Sunday, February 06, 2022

Clocks, Truths, Matches, and Lines

Got a quick start on a sunny morning with breakfast and Super Star Collection Vol. 1. Only had time for the first side. I love K-Tel's random collections. It's a great way to get both hard-to-find tunes like "Let's All Chant" by The Michael Zager Band and better-known songs like Dave Mason's "We Just Disagree," "On and On" by Steven Bishop, and "Moonlight Feels Right" by Starbuck. You can also run across the occasional oddity, here represented by the hit Meco disco renditions of the themes from Star Wars and Close Encounters of the Third Kind

Rushed out to work even before the record ended. Work wasn't fun at all. The lovely, bitter cold day didn't deter people from getting their beginning-of-the-month shopping out of the way. One customer threw an absolute fit when I told her she had the wrong items for her WIC (food for low-income families and infants) checks and had to get the right ones. But she always used those items, she complained. But that doesn't make them the right ones, I tried to explain. She made such a fuss, I had to call a manager...and then she got angry at her when she said I was right. Thank goodness I had to go on break anyway and was able to get away.

Went straight home after work and into bed for a nap. I know I'm supposed to be looking for apartments...but it's Sunday. Most apartment building offices are closed. Besides, I was dead tired, and I work the entire week after tomorrow. I won't have too many more opportunities to rest. 

Jodie's noisy yammering on her side of the house woke me up around 5:30. Thankfully, she was mostly gossiping and discussing her new boyfriend Bob, nothing about the family. I read The Fast and the Furriest in bed for a half-hour so. Listened to the rest of Super Star Collection Vol. 1 while eating scrambled eggs with cheese and celery with peanut butter for dinner. 

(Jodie was nice enough to text me a few apartment listings this afternoon. I didn't have the heart to tell her two already turned me down and a third had no openings, but considering she hasn't really wanted to help, it was a nice gesture.) 

Finished the night after a shower on YouTube exploring the early history of game show producers Mark Goodman and Bill Todman. They started out in radio, but their main success was in television. Their earliest hits were panel shows like What's My Line? and I've Got a Secret. Four celebrities would sit at a table and try to guess something about a contestant. In Line, it's their occupation; in Secret, it's some strange talent they have or unusual thing they've built. The episode of Line is the very first from 1950, and I will admit, it's a little dull. Columnist Dorothy Kilgallon is the only familiar face, and no one gets anything right. The later version of Secret, with Bob Barker explaining Price Is Right pricing games to the panel and host Steve Allen, is a lot more fun.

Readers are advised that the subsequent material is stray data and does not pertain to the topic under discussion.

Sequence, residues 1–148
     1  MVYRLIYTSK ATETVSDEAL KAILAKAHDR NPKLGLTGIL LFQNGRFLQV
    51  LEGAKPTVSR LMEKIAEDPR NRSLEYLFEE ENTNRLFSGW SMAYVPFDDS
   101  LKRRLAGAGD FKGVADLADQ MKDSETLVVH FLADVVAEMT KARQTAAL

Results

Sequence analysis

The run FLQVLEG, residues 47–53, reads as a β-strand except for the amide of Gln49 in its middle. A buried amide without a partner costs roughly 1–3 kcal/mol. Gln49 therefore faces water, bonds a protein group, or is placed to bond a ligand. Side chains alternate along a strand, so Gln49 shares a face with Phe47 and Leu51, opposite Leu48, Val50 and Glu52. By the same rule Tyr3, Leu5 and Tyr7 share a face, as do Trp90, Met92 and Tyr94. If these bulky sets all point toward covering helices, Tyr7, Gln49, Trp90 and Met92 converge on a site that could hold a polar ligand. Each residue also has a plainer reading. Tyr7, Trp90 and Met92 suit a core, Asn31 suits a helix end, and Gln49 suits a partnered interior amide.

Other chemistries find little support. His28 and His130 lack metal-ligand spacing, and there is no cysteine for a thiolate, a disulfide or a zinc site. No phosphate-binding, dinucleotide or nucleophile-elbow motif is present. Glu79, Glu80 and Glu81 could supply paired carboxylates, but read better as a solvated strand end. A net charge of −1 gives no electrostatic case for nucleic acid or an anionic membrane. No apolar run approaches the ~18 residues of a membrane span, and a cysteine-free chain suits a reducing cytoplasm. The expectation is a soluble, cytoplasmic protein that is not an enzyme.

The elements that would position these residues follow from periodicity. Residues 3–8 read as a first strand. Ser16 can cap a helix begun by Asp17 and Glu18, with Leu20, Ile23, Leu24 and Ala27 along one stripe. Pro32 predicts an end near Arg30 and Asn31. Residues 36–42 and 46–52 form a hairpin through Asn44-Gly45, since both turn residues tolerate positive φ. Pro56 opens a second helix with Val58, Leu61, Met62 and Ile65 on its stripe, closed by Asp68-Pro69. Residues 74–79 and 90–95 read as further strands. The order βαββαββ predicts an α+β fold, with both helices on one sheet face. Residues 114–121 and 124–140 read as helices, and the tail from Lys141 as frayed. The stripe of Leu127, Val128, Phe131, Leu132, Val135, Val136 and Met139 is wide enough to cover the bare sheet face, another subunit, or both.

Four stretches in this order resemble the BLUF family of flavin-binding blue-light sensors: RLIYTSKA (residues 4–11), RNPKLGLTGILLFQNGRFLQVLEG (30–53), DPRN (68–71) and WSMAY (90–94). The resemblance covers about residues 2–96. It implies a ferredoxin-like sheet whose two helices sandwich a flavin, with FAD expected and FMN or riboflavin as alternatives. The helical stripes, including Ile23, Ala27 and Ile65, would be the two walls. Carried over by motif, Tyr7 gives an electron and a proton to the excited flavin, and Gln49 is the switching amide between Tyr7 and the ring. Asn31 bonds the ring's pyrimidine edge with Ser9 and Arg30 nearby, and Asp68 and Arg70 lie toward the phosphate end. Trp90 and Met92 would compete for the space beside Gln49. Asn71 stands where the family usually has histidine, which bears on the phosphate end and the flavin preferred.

They were also pioneers of the stunt show. Beat the Clock was a massive hit during most of the 1950's. Bud Collyer leads couples through a series of messy stunts for money that pre-date the Nickelodeon Double Dare by thirty years. The show was so popular, its model Roxanne even had a doll made after her; it's given to the little girl of one of the couples here. (I wouldn't mind having that doll myself!) 

To Tell the Truth was Mark Goodson's personal favorite of the game shows he produced. It's another panel game, but this one is a bit less light-hearted. Four celebrities try to decide which one of three contestants is what the host claims they are, and which ones are the impostors. Betty White, Tom Poston, Pat Carroll, and an impossibly young Johnny Carson try to figure out which of three teen Eagle Scouts spent five months at a US military base under the ice, which of three exotic dancers also raised cows, and which man was the then-Chief Postal Inspector. 

Another Goodson-Todman first was saving game show broadcasts. Until the 1970's, game shows were considered even more disposable than most daytime programming. The networks didn't see how anyone could want to see someone play again after they'd already won. When Password proved to be a massive success in re-runs, Goodson-Todman started saving as many episodes of their shows as possible. Between CBS ending the erasure of their shows in 1972 and their saving the tapes, they managed to preserve at least 90 percent of the 1973-1982 Match Game run...and that one continues to be a re-run juggernaut to this day. It's still shown on Game Show Network and at least three times a day on Buzzr. 

(Alas, they weren't as lucky with the original 60's Match Game. NBC wiped the tapes before they were able to save them. Only two episodes and the pilot of the 1962-1969 Match Game survive today.)

Maybe it's just as well that NBC also got to most of Mindreaders. This peculiar Match Game clone is one of Goodson-Todman's few missteps. Dick Martin leads two celebrities to guess how one group of men or women will react to a question. Later, the winners have to guess how selected members of the audience will answer a series of questions. It's...really strange, and other than a nifty rainbow set and Martin having a good time, doesn't have a lot going for it. I chose one of the few remaining episodes, with Joyce Bulifant and Jack Jones. 

Celebrate some of the biggest hits from one of the most famous of all game show companies! (And look for the original commercials on most of these shows.) 

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